With respect to elite partnerships, Monroe points to growing anecdotal evidence that such partnerships also do not rely on the allocation rules, but not because they are illegible to such partnerships. Instead, it is because the rules fail to reflect the economic priorities of elite partnerships.
With their resources and access to expertise, elite partnerships are, however, able to interact creatively with the allocation rules by creating workarounds in the form of allocations designed to yield greater certainty about economic distributions. They also have the capacity to assume the risk that such workarounds may technically fail to comply with the rules.
Thus, as Monroe explains, the allocation rules are also dysfunctional for elite partnerships, but in a completely different way. That is, like forgotten partnerships, elite partnerships also improvise, but they do so by choice and with expert guidance on how their improvision harmonizes (or clashes) with the allocation rules.
Monroe’s article calls out partnership tax experts who, with understandable pride in their intellectual and technical abilities in navigating partnership tax, embrace complexity and use it to benefit their clients without considering how what is often a rewarding and engaging puzzle for them is instead a meaningless pile of jargon to so many others. As Monroe indicates, dividing partnerships into “elite” and “forgotten” is a “blunt” categorization, but that does not detract from her overall message, which is a sharp and insightful critique of the “normal” practice of partnership tax.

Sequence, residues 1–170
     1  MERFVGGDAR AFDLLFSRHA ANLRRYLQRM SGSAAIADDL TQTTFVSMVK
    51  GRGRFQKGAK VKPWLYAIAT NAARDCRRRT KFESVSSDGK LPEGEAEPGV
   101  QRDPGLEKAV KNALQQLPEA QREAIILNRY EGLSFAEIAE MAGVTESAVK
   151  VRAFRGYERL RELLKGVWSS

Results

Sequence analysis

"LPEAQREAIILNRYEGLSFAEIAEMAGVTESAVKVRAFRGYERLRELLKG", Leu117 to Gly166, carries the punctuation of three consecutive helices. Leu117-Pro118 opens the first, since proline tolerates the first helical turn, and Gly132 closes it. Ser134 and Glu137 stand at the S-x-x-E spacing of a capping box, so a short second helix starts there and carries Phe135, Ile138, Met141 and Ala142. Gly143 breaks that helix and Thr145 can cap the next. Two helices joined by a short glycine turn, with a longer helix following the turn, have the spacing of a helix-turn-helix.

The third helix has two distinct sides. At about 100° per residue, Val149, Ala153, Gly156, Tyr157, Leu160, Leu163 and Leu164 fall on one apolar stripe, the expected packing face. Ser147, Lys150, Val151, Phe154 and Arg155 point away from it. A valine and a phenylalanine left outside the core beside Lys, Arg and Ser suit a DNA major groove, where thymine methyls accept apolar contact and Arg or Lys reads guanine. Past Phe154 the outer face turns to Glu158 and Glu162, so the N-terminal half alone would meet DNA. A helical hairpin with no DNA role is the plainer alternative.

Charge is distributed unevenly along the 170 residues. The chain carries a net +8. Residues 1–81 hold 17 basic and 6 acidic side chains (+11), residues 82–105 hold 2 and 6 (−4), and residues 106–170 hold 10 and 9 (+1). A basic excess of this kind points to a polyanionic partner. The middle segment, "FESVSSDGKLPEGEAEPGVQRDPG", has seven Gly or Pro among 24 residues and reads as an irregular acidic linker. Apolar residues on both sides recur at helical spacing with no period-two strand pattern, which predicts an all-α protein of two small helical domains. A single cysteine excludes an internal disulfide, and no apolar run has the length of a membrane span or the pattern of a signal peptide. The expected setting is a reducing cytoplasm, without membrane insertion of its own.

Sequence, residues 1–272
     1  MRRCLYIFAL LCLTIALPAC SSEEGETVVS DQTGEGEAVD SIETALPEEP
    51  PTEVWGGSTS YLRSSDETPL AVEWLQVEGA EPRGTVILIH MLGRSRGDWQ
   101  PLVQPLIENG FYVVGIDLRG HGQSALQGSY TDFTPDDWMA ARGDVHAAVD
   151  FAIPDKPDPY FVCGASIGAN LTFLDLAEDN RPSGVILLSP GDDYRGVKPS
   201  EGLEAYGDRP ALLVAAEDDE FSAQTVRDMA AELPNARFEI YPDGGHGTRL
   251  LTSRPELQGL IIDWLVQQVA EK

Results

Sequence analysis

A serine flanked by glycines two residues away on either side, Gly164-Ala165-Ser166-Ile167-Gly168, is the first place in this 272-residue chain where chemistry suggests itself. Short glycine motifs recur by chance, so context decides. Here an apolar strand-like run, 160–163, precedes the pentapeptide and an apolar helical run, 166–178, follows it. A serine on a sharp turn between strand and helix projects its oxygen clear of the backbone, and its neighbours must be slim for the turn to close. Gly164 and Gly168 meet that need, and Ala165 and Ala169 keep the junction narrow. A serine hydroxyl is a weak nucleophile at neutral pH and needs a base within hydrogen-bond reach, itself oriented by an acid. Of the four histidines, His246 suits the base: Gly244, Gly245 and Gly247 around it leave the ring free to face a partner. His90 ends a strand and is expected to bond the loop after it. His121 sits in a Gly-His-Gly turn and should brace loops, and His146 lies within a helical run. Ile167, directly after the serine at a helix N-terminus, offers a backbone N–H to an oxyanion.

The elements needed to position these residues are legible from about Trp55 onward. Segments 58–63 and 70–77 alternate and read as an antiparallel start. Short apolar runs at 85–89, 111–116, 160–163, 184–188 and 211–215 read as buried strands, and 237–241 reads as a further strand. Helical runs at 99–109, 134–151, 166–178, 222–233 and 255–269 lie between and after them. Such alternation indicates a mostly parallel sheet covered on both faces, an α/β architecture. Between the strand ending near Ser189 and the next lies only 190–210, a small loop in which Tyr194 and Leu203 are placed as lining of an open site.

In a nod to political realities, Monroe does not urge abandonment of the central flexibility of the partnership tax system, although she notes that “[i]f one were writing on a clean slate, reimagining partnership allocations entirely would surely be an intriguing option.” Monroe does present two concrete proposals for reform: she proposes that small partnerships have a more streamlined regime and that the Treasury add a safe harbor for target allocations. As she acknowledges, these two proposals, at least in their broad outlines, build on the work of other tax scholars.
More importantly, she issues a call to tax experts that they critically examine their role in the current dysfunction and that they apply their expertise not only to helping elite partnerships but also to using their creativity and insight to transform partnership tax law so that forgotten partnerships are able to engage fully with the tax system.
The dual-track reform examples offered in the article highlight that Monroe is not saying all partnerships need the same rules. Instead, she emphasizes that all entities organized as partnerships should be able to rely on law that is intelligible and that does not require improvisation.
Andrea Monroe’s article is a critical and timely reminder that the tax system, including the highly difficult portion applicable to tax partnerships, “only works if the vast majority of [taxpayers]—whether rich or poor, forgotten or elite—can participate.”